The difference may be well expressed by following example:
The number of neutrons (the neutron population) in the core at time zero is 1000 and k∞ = 1.001 (~100 pcm).
Calculate the number of neutrons after 100 generations. Let say, the mean generation time is ~0.1s.
To calculate the neutron population after 100 neutron generations, we use following equation:
N1=N0.1.001 = 1001 neutrons after one generation
N2=N0.1.001.1.001 = 1002 neutrons after two generations
N3=N0.1.001.1.001.1.001 = 1003 neutrons after three generations
N50=N0. (k∞)50 = 1051 neutrons after fifty generations.
N100=N0. (k∞)100 = 1105 neutrons after hundred generations.
If we consider the mean generation time to be ~0.1s, so the increase from 1000 neutrons the 1105 neutrons occurs within 10 seconds.
It is obvious the infinite multiplication factor in a multiplying system is a measure of the change in the fission neutron population from one neutron generation to the subsequent generation.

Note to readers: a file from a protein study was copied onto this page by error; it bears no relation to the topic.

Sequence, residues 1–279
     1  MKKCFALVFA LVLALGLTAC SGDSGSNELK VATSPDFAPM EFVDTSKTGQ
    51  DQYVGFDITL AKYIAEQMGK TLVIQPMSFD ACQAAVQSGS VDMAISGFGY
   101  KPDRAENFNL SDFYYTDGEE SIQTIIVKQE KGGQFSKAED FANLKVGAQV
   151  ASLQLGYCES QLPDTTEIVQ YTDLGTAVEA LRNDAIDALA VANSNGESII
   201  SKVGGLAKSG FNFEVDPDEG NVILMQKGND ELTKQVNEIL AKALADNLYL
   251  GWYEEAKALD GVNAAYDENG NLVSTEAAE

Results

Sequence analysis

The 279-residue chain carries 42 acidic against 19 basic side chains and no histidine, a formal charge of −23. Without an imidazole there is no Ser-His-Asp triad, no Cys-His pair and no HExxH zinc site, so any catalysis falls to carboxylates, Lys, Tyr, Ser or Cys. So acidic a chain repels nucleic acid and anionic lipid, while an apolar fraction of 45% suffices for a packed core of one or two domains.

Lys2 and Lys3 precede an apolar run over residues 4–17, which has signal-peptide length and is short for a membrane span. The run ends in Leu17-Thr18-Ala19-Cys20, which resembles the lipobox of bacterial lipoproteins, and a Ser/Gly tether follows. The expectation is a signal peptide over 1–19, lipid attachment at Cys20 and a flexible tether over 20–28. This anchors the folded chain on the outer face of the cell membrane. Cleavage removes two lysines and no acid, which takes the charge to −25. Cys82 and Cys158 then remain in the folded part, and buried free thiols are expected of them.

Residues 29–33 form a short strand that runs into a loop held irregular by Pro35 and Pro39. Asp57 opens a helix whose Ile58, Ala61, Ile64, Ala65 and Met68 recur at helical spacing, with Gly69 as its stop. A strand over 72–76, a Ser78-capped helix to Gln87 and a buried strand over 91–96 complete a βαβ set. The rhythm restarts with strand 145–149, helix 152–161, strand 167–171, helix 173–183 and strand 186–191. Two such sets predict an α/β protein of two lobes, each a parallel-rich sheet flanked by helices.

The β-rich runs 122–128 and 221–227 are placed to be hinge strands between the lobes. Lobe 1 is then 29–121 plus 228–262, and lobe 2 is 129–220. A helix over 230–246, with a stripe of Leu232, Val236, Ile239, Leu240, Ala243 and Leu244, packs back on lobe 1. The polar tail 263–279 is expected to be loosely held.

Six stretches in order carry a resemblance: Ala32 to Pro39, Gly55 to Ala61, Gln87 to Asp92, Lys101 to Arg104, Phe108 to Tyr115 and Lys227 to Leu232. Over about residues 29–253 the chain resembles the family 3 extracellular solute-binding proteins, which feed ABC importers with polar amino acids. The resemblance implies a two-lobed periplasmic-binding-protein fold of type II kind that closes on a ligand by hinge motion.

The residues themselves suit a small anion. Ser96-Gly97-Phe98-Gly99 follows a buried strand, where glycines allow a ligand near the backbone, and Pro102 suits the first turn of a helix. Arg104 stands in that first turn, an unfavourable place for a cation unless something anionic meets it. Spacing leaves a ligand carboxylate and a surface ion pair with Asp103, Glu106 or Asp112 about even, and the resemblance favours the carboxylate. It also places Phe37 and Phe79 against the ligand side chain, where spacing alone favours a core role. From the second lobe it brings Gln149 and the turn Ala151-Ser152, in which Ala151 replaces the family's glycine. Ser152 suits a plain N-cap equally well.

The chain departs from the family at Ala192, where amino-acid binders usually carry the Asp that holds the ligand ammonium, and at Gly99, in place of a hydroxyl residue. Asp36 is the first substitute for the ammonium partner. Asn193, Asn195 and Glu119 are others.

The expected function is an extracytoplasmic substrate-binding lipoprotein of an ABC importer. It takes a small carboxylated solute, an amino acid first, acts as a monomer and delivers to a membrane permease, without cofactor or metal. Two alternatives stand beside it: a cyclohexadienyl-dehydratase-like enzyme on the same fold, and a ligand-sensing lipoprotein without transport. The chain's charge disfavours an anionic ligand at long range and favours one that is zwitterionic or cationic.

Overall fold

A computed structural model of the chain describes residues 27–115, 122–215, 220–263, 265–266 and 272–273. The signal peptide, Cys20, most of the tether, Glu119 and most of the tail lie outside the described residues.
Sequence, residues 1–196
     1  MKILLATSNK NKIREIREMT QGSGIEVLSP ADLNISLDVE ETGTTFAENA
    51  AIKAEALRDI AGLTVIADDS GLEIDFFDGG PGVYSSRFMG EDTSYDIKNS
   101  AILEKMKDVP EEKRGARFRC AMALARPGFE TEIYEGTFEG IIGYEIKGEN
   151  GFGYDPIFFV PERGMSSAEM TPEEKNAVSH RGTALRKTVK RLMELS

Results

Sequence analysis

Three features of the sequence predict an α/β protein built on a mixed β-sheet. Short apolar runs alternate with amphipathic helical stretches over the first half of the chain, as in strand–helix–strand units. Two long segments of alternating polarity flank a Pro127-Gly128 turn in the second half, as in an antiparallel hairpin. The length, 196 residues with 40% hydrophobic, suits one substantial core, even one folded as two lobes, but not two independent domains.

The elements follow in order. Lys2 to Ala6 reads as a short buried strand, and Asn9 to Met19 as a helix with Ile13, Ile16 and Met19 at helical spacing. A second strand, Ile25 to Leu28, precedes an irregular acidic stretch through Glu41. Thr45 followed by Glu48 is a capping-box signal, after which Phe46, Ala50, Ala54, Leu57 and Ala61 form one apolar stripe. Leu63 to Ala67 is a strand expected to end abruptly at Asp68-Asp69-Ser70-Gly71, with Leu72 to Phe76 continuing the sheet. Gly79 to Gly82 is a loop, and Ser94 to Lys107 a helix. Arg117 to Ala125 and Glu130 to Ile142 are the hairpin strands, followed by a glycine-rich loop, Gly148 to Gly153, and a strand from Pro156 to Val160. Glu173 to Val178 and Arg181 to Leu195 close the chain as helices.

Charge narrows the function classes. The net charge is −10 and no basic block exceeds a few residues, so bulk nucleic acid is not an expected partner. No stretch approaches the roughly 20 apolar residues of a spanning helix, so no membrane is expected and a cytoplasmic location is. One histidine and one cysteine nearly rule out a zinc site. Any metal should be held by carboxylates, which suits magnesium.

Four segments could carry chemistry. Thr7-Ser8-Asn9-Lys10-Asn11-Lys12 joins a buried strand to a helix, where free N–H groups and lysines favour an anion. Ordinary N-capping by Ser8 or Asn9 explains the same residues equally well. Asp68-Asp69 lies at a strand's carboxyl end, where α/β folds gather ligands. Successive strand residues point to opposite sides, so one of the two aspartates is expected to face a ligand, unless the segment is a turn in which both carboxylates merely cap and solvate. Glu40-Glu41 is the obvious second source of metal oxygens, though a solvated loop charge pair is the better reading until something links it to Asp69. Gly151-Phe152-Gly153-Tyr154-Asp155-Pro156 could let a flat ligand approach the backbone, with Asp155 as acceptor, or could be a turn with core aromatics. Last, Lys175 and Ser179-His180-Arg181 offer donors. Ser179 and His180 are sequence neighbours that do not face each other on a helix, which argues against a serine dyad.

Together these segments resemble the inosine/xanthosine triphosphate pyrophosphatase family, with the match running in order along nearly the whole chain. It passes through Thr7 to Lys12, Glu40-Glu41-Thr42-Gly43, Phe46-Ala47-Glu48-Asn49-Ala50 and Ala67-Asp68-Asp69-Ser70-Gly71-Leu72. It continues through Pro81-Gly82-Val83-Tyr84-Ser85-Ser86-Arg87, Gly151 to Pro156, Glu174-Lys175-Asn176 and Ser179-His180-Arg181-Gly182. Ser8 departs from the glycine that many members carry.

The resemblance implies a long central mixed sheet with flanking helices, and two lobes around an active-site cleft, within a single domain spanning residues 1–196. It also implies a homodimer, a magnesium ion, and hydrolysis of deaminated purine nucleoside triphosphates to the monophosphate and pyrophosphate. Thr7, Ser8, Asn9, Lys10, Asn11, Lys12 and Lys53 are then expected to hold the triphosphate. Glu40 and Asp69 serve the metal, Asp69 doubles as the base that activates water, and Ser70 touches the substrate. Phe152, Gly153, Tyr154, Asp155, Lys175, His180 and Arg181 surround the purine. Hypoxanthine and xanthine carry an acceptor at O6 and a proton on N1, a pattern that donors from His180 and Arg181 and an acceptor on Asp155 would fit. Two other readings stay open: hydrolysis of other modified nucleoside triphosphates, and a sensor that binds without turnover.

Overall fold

- k∞ < 1. If the multiplication factor for a multiplying system is less than 1.0, then the number of neutrons is decreasing in time (with the mean generation time) and the chain reaction will never be self-sustaining. This condition is known as the subcritical state.
- k∞ = 1. If the multiplication factor for a multiplying system is equal to 1.0, then there is no change in neutron population in time and the chain reaction will be self-sustaining. This condition is known as the critical state.
- k∞ > 1. If the multiplication factor for a multiplying system is greater than 1.0, then the multiplying system produces more neutrons than are needed to be self-sustaining. The number of neutrons is exponentially increasing in time (with the mean generation time). This condition is known as the supercritical state.